I Don’t Want To Do This Anymore!?

I Don’t Want To Do This Anymore!?

I don’t want to do this anymore!?
In the last several weeks I’ve heard this phrase several times.  Sometimes it comes directly from individual clergy.  More often is comes from our Conference staff who have sat, in one of many ZOOM rooms, to deeply listen to the personal and professional challenges facing clergy and ministries these days. 

And as time goes on, the voice becomes louder, more poignant and more common.
I don’t want to do this anymore!?  
It’s a statement.  It’s a witty comment.  It’s a question.  It’s a plea.  Its tinged with shame, inadequacy, and sadness, and weariness. 
First it was Easter.  Then May day. Then Mother’s day. Then Pentecost. Then Baccalaureate Sunday,  children’s Sunday, youth Sunday, choir Sunday, confirmation Sunday. 
It's funerals without a gathering. It's weddings postponed.  
It's worship going out live or recorded or over the phone or mailed to parishioners. 
It's ‘feedback’ on worship going out live or recorded or over the phone or mailed to parishioners.
It's consoling via text or cell or Facetime. 
It's watching income impacted by changes in pledging, renters, investments. 
It's grieving family and parishioners who have succumbed to the disease.
It's working with front line medical staff in hospitals, hospices, nursing homes, assisted living. 
It's debating when and how to return to in-person worship. Sometimes a simple decision; sometimes a frustrating argument around conflicting ideologies where health is at stake.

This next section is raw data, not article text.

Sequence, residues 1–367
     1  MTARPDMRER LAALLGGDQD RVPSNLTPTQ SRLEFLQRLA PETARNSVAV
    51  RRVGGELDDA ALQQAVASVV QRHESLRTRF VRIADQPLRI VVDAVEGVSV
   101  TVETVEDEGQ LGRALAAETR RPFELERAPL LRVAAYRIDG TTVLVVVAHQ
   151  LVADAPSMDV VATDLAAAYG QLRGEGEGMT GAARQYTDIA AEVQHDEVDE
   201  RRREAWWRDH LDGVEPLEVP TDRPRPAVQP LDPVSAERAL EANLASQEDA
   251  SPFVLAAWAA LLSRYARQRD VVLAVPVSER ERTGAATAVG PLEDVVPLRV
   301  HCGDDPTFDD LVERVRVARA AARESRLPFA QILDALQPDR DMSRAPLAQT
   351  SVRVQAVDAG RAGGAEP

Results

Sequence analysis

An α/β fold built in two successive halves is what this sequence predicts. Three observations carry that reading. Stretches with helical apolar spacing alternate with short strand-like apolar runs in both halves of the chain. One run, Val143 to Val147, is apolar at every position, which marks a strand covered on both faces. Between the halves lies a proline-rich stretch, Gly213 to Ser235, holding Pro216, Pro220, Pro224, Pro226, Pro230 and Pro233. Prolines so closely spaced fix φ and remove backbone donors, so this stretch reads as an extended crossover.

It’s ‘how come the church down the street is re-opening.’
It's worrying about a contagion that can fatally impact you or your family.
It's missing time with family and friends.
It's being parent and pastor and homeschooler and playmate.
It's trying to find some new corner of the house for another hopefully undisturbed ZOOM meeting. 
It's trying to absorb the flood of information and suggestions coming at you.
It's trying to determine whether you know how to minister in the post pandemic world. 
I don’t want to do this anymore!?
And then another black man is murdered.  And the festering original sin wound of this country – “How Long…Too Long” is revealed again.  And the streets fill with people. Fires burn in buildings and within your souls. 
How do you attend or hold a vigil when you’ve suspended in person worship?  
How do you not attend or hold a vigil when this calls to your soul? 
How do you listen deeply and vulnerably to the voices of pain and rage around you or within you?
How do you function professionally when this hits too close to home, again, endlessly, and taps into deep despair and fury?
How do you respond with authenticity from the world of white privilege that has been your life?
How do you hold a mirror up to yourself for honest reflection?  
What will it take to become genuinely and effectively anti-racist? 
How can you help this moment become a tipping point into a paradigm shift? 
How do you inspire your church or ministry to its honest self reflection and genuine action from a computer screen? 
What do you do with the conflicting voices and passions among your flock as political ideologies shout at each other?